Citation: Meadows R (2010) Parallel Lives. PLoS Biol 8(10): e1000528. doi:10.1371/journal.pbio.1000528
Published: October 26, 2010
Copyright: © 2010 Robin Meadows. This is an open-access article distributed under the terms of the Creative Commons Attribution License, which permits unrestricted use, distribution, and reproduction in any medium, provided the original author and source are credited.
Competing interests: The author has declared that no competing interests exist.
California's Sierra Nevada mountains are dotted with populations of checkerspot butterflies that belong to the same species but lead separate lives. The populations are differentiated by the host plants where females lay their eggs, with one type favoring Collinsis torreyi (blue-eyed Mary) and the other favoring Pedicularis semibarbata (pine lousewort). Other than that, the checkerspots are much the same. They are alike morphologically and genetically, and can also interbreed and produce hybrid offspring. So what does keep them apart? New work by Carolyn McBride and Michael Singer in this issue of PLoS Biology reveals it is traits that let each type get the most out of its chosen host plants, but put hybrids at a disadvantage on either plant.
Such divergence of populations, where offspring are viable but maladapted due to intermediate traits not suited to either ecological niche, is called extrinsic postzygotic isolation (EPI) and is thought to be an early stage in the formation of new species. However, there are few examples of EPI and most are in cases where strong barriers to mating already exist, leaving the extent of EPI's contribution to speciation in question. The apparent lack of mating barriers between the Sierra Nevada checkerspot populations makes this a particularly good system for teasing out the relative strength of EPI as a driver of speciation.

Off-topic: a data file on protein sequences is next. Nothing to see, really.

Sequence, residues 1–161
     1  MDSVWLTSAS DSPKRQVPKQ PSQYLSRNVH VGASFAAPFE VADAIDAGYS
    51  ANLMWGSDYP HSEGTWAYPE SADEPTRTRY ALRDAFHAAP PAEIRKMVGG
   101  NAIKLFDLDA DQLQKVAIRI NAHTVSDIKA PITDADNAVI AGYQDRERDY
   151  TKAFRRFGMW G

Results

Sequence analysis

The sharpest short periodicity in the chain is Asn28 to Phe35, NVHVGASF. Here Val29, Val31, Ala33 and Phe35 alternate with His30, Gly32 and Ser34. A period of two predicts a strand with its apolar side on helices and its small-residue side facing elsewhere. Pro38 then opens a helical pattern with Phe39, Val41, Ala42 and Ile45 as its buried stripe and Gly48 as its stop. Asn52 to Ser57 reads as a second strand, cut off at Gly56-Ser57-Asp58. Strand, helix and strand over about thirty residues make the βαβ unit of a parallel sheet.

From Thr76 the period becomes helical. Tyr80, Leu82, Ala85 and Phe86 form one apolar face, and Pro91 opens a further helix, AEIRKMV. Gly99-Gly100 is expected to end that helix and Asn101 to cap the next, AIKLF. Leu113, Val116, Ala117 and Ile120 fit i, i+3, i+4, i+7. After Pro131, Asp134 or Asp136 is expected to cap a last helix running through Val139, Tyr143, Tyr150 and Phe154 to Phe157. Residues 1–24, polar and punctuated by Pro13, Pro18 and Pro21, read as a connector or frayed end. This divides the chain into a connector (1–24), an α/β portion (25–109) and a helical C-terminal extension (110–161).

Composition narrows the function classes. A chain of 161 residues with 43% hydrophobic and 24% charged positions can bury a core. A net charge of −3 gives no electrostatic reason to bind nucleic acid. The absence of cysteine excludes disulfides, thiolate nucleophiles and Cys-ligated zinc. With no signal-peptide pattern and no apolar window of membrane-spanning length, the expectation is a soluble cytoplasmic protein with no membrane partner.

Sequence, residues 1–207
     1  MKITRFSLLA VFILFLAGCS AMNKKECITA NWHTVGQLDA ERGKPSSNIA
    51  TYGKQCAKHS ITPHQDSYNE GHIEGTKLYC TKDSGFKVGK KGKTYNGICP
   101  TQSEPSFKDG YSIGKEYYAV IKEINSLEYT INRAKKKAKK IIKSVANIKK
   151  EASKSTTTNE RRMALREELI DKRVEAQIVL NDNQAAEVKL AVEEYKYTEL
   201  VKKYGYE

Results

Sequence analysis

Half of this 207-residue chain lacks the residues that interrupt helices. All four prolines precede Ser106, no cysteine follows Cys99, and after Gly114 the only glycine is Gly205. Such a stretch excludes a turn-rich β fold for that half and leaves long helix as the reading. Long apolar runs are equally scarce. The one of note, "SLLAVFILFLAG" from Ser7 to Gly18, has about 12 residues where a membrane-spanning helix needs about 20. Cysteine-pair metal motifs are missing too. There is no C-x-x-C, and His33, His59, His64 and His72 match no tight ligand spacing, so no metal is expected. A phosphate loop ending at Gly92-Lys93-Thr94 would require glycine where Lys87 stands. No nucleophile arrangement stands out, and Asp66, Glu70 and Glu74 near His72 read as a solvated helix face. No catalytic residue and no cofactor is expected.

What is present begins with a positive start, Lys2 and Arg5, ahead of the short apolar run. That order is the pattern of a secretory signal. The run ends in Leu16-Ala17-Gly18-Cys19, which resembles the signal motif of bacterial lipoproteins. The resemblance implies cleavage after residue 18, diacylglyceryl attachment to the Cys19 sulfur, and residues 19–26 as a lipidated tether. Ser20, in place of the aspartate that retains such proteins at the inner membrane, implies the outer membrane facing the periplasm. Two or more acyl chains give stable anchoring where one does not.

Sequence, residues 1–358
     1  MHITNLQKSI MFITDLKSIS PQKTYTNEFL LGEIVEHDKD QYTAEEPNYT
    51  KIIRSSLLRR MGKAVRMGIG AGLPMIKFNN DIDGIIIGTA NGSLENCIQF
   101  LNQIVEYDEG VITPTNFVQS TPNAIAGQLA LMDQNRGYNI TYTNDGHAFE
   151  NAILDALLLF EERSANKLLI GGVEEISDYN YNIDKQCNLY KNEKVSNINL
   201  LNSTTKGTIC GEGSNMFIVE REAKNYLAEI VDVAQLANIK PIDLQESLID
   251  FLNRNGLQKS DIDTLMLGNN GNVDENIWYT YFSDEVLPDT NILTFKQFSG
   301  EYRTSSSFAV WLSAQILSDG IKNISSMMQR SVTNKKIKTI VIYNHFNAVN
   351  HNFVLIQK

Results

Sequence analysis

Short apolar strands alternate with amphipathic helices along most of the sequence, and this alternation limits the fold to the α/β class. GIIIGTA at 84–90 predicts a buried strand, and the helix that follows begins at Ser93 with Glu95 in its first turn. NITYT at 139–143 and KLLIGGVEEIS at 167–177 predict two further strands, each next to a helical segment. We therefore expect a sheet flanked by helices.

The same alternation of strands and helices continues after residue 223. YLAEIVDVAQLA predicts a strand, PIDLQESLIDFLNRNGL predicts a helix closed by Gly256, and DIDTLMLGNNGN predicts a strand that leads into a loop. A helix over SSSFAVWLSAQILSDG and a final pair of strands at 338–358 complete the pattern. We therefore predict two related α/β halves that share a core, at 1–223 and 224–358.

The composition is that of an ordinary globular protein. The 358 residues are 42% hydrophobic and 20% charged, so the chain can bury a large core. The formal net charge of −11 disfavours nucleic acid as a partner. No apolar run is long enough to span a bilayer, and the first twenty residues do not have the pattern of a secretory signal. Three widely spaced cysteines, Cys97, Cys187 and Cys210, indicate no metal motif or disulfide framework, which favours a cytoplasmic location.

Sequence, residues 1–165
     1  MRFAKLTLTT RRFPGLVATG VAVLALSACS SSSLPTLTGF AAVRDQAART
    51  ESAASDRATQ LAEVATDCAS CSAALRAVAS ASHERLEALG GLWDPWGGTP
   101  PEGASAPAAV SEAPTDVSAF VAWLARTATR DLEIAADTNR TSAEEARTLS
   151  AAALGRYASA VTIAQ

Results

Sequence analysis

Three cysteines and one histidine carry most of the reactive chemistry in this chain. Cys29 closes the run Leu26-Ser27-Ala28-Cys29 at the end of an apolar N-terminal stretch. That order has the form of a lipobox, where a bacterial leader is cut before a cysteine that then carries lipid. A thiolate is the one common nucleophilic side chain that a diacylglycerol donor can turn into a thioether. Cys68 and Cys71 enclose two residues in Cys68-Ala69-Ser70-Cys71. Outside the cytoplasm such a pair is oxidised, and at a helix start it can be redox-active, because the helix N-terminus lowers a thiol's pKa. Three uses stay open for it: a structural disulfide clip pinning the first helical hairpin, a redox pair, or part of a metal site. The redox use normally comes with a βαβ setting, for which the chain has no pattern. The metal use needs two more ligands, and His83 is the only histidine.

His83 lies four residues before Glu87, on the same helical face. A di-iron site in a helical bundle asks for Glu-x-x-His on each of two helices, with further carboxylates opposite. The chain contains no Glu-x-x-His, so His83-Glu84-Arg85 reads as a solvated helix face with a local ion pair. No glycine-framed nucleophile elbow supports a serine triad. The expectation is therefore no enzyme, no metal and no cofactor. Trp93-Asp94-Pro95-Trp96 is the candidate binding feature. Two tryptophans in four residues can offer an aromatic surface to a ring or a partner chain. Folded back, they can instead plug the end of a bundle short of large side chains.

The traits that distinguish the butterfly populations stem from key differences in the two host plants, which grow intermingled on the western slopes of the mountains. Blue-eyed Mary is a short-lived annual with leaves that die from the bottom up, and female checkerspots adapted to this host plant lay their eggs on the nutritious new growth near the top. In contrast, pine lousewort is a perennial that stays green all summer and grows new leaves from the base, and females adapted to this host plant lay their eggs near the bottom.
To see if EPI is nudging these butterfly populations apart, McBride and Singer asked whether hybrids were intermediate for traits that distinguish the parents, including where females lay their eggs, clutch size, where larvae forage, and larval growth and survival. The researchers discovered that hybrids were somewhere in the middle for all traits tested. For instance, whereas the two parent populations prefer the host plants to which they are adapted, hybrid females readily lay their eggs on either host.